'Potentially Huge' Treatment Blocks Cancer at Gene Level

New technique snips messenger RNA in half
By Jane Yager,  Newser Staff
Posted Mar 22, 2010 5:34 AM CDT
A computer illustration of a DNA sequence.   (Shutter Stock)

(Newser) – Scientists think they are onto a "potentially huge" breakthrough in the fight against cancer after successfully blocking cancer cells on a genetic level for the first time in humans. In clinical trials on cancer patients, the "game-changing" form of genetic therapy snipped in half the messenger RNA inside cancer cells that tells them to reproduce.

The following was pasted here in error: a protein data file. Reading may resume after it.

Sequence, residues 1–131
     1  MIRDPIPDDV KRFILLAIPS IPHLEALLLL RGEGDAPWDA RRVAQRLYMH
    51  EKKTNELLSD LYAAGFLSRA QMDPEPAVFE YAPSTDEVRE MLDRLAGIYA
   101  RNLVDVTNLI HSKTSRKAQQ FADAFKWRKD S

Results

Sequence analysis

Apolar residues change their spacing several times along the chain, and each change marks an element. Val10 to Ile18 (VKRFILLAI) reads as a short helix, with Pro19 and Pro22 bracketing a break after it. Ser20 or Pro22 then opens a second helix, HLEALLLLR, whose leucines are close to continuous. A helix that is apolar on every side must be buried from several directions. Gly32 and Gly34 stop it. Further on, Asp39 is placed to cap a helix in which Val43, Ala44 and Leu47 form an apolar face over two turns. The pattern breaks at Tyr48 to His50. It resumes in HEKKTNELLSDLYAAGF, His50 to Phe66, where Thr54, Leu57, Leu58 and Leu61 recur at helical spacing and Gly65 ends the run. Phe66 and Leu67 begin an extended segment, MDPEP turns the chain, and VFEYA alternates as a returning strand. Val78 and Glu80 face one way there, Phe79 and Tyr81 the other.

The research builds on the 2006 Nobel Prize-winning discovery that messenger RNA can be manipulated, but with a big difference: The work that landed the Nobel was in worms, not humans. That the technique works in humans too is "pretty amazing," a cancer expert tells HealthDay. RNA in the test subjects was "cut at exactly the right place," one of the researchers told the Pasadena Star News. "If you take that away, you take away the cancer."

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